Three soldiers that are worlds apart

By: The Gazette editorial
June 10, 2013 Updated: June 10, 2013 at 8:30 am
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On the same day that the U.S. Supreme Court denied an appeal in the case of Army 1st Lt. Michael Behenna, another branch of the federal government began its case against another soldier from Oklahoma.

Behenna, of Edmond, and Pfc. Bradley Manning, of Crescent, grew up in towns a few miles apart. But their circumstances are worlds apart.

We've never made the case that Behenna is a hero, but he has served enough time for the unpremeditated murder of an Iraqi with terrorist ties. This happened in a war zone, but the military concluded that Behenna had surrendered his right to self-defense, a point the Supreme Court won't consider because it refused to hear Behenna's case. So the officer will continue serving time at a military stockade in Kansas.

Meanwhile in Maryland, prosecutors began their case against Manning, a former Army intelligence analyst accused of leaking hundreds of thousands of classified documents. Manning is seen as a hero by his supporters, which include the usual suspects with anti-American, anti-military sentiments. Daniel Ellsberg of Pentagon Papers fame sees Manning as a political prisoner.

Behenna and other members of the so-called Leavenworth 10 could rightly be termed political prisoners. The excessive prison term given Behenna relates to the political atmosphere in 2008, when Behenna shot and killed Ali Mansur. This was at a time when the U.S. was negotiating a Status of Forces Agreement with the Iraqi government and needed to prove that America wouldn't tolerate aberrant behavior by its soldiers.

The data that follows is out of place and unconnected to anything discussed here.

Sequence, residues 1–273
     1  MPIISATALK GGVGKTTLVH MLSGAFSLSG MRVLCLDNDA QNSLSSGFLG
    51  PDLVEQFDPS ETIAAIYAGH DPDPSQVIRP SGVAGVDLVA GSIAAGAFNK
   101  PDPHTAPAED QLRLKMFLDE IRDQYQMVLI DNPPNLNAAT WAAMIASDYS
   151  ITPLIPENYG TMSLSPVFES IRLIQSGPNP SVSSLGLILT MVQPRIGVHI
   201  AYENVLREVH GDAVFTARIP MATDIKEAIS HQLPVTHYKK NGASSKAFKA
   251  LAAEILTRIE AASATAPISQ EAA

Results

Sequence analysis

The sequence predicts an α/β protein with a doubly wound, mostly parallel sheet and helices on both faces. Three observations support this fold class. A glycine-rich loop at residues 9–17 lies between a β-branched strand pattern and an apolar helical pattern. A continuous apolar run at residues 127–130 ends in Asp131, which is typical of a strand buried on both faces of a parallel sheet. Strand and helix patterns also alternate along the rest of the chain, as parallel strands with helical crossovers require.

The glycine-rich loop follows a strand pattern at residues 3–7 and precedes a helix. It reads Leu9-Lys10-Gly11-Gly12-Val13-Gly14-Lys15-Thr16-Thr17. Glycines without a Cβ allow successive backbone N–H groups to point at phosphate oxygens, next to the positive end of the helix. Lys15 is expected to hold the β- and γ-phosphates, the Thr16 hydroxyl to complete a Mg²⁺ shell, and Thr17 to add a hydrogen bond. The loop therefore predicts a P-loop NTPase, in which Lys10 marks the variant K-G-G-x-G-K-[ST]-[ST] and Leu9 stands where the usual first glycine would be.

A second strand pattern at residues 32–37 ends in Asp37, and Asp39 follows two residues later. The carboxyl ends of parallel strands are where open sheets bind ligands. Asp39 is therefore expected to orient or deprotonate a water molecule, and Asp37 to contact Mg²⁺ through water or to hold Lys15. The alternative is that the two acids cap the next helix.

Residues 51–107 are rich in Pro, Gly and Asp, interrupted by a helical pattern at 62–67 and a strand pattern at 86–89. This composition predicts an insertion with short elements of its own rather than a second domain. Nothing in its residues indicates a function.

Thus it was that Behenna was sentenced to 25 years (since reduced to 15) in prison while the key figure in the My Lai Massacre served just 3 + years under house arrest for the premeditated murder of 22 civilians in Vietnam.

Manning faces life in prison for leaking documents that were published on a leftist website. His lawyers portray him as a "young, naive but good intentioned" soldier, a gay man who struggled to fit in and felt compelled to share what he knew "to make a difference in this world." Manning's age, naivety or sexual orientation is irrelevant. In the words of prosecutors, he "systematically harvested" information that was used to aid and abet an enemy that was killing U.S. soldiers who (unlike Manning) had the courage to enter combat zones. Those soldiers aren't heroes in the view of Manning's supporters but Manning is.

Playing the gay card is only part of the strategy to paint Manning as a victim rather than a perpetrator. Manning was willing to take a figurative bullet by pleading guilty to lesser charges. The military pressed ahead with a court-martial on more serious charges.

Behenna was a young officer who made a mistake. He's no hero, but Manning is definitely an anti-hero. His cold, calculated "harvesting" of classified documents has earned him the undying support of people who hate this country and its military apparatus.

To them, what Manning did was for America's good.

If you believe that, you might also buy the defense claim expected to be offered by another former Army officer scheduled to go on trial soon - Fort Hood shooter Nadil Hasan. Speculation is that Hasan will claim he killed 13 people to protect his fellow Muslims when Fort Hood soldiers were deployed to Afghanistan.

Only in the far corners of insane radicalism does this make any sense. Manning's defense doesn't make sense either. Yet for their devotees, Manning and Hasan are heroes and Behenna is a murderer.

Rational and fair people know that this is an inversion of reality. Neither Manning nor Hasan deserve to be freed in their lifetimes.

Behenna? He's done his time and should be let go. - The Oklahoman

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